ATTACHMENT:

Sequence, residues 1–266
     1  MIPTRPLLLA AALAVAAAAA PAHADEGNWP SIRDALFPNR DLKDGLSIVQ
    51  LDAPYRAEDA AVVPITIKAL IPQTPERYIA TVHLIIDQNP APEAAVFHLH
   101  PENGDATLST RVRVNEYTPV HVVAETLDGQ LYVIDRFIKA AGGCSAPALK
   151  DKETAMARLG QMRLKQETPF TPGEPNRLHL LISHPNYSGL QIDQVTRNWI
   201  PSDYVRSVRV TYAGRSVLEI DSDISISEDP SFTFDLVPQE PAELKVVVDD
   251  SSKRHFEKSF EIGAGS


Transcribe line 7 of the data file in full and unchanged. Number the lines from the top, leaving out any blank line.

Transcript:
   251  SSKRHFEKSF EIGAGS